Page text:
How Serotonin Became the Internet’s Symbol for Hope and Happiness


Jun 5, 2021


Image Credit: Istock/Hitesh Sonar For The Swaddle

What does one need to make it through the day? During a devastating pandemic, a single “crumb” of serotonin is enough, if you ask the Internet. The neurotransmitter, often credited with birthing the study of neuroscience, now shoulders the collective happiness of a wiped-out, wisecracking online audience. Characters ranging from Oliver Twist to Robin Hood beg for a crumb of serotonin to make it through the day in viral memes, and the body’s biological processes are mercilessly roasted for their ineptitude in serotonin production. 

Of all the neurotransmitters available — including dopamine, which is also associated with happiness — the choice of serotonin to become shorthand for happiness betrays a complexity beyond its mere affect on mood. The rise of the term serotonin’s popularity is linked to selective serotonin reuptake inhibitors (SSRI) being the most popular type of prescribed antidepressants. 

The global antidepressant market was valued at $14,538 million in 2020 — painting a clear picture of the rise in awareness of and seeking care for mental health issues. As openness about mental health increased over the past two decades, so did people’s willingness to talk about it — especially on the Internet, where many could enjoy anonymity. One of the first serotonin memes was created by comic-artist duo Toothpaste for Dinner in 2011. Their meme said, “Serotonin and dopamine == Technically the only two things you enjoy.” More gifs, memes, and reaction images involving serotonin started showing up in a Reddit forum called r/2meirl4meirl, a community for people living with clinical depression. Over the next decade, these memes moved from niche internet forums to large social media platforms to the word serotonin itself imbibing a certain purity. If you had to describe a good day, or even a really adorable baby video, you’d say it was free serotonin, a serotonin surge, or, in some cases, better than serotonin!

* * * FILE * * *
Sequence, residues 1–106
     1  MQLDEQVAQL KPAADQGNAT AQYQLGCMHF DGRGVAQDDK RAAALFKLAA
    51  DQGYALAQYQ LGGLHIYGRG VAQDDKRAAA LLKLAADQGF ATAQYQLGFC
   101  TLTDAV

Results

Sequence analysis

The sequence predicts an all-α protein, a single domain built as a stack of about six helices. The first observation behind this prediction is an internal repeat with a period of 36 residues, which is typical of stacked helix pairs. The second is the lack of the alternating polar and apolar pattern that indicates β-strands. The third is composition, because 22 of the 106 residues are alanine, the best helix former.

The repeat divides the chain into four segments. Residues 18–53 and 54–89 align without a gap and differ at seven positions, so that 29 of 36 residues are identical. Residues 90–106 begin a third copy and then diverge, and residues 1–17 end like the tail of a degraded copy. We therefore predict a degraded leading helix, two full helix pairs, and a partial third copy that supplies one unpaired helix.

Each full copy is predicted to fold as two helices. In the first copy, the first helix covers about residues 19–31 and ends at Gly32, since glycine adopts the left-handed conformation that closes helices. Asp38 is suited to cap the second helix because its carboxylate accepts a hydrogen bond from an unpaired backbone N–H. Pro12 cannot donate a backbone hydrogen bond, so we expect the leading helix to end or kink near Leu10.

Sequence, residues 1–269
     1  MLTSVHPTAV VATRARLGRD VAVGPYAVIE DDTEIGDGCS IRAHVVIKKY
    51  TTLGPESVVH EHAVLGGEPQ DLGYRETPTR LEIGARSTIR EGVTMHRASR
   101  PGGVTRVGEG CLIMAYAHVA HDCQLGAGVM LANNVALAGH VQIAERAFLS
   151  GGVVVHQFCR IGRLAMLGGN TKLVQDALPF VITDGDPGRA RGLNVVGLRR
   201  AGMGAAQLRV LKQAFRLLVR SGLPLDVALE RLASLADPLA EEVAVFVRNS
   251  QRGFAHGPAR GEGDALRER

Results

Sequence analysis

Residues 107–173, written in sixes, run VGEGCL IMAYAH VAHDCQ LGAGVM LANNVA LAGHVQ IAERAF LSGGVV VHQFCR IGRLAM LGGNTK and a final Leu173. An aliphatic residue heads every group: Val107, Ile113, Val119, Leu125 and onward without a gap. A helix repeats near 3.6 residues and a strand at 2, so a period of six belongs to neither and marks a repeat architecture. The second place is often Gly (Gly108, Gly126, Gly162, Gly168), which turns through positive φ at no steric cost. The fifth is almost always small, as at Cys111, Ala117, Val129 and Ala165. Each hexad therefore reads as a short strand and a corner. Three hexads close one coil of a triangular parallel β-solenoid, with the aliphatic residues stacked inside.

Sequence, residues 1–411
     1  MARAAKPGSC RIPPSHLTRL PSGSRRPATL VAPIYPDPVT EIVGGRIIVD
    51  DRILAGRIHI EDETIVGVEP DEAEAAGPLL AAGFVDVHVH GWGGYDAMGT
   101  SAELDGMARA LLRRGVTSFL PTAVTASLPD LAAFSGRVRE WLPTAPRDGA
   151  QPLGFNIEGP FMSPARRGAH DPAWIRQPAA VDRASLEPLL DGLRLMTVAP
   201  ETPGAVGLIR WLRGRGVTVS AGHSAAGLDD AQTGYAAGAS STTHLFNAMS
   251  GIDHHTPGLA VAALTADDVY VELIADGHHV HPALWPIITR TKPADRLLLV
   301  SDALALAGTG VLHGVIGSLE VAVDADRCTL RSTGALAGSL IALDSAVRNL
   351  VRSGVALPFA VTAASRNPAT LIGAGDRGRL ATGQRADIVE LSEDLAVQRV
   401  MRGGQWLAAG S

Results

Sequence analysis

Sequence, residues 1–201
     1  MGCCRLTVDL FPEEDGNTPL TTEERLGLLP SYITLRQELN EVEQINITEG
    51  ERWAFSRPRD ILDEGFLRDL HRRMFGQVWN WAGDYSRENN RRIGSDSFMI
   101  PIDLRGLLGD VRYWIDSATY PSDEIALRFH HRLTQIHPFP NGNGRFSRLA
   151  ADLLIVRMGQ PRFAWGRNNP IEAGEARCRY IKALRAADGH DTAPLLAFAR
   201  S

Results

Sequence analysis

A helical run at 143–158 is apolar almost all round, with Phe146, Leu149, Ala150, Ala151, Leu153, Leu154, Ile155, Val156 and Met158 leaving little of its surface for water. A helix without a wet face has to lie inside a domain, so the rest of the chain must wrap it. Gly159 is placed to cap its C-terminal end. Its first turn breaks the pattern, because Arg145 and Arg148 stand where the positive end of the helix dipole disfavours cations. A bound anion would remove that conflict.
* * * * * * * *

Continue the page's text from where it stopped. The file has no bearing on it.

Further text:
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Within the human body, serotonin is responsible for stabilizing our mood. But the science behind what neurotransmitters like serotonin and dopamine actually do is a touch more complicated than popular perception. Low amounts of serotonin in the system do not cause depression. Some doctors and scientists do believe that abnormal serotonin amounts in the brain are related to a depressive condition, but there’s no research or data that suggests a direct correlation. In fact, scientists suggest that framing depression as a deficiency has made patients more amenable to taking antidepressants, which is also where the origin of equating serotonin with a cure for depression lies. 

With serotonin becoming an almost-euphemism for joy now, several internet posts about the neurotransmitter serve a far more vital purpose — they are a coping mechanism. Research has shown that dark humor linked to personal distress can reduce feelings of despair, making it easier to look for a solution. However, the popularity of serotonin memes has led to a rise in “hacks” to increase serotonin in the system. While research states that certain triggers like sunlight, exercise, diet, and assisted mood alterations via talk therapy can increase a little serotonin in our system in roundabout ways, it is not a cure for depression. 

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But, serotonin’s contemporary popularity is also linked to its perception as a survival aid. While dopamine is well-revered by members of the exercise fraternity and individuals in Silicon Valley for the rush of exhilaration it provides, people value serotonin for its ability to keep them functioning through the day.  This is clear in how serotonin is quantified by the Internet — a single crumb or one molecule won’t bring them joy, but seems enough to get them up from the bed.

The power of a shared language of solidarity around mental illness lies in its ability to destigmatize and offer community. The social isolation that long accompanied mental illnesses like depression has cracked partly due to distressed individuals’ ability to jest about their struggles, ultimately choosing vulnerability over masked tolerance. In admitting our weakness and exhaustion by asking for a “crumb” of serotonin, we let go and acknowledge that the world is not quite right around us, allowing us to accept that it’s not all in our heads. Our ability to laugh about it can help us hold it together. 


Written By Aditi Murti

Aditi Murti is a culture writer at The Swaddle. Previously, she worked as a freelance journalist focused on gender and cities. Find her on social media @aditimurti.


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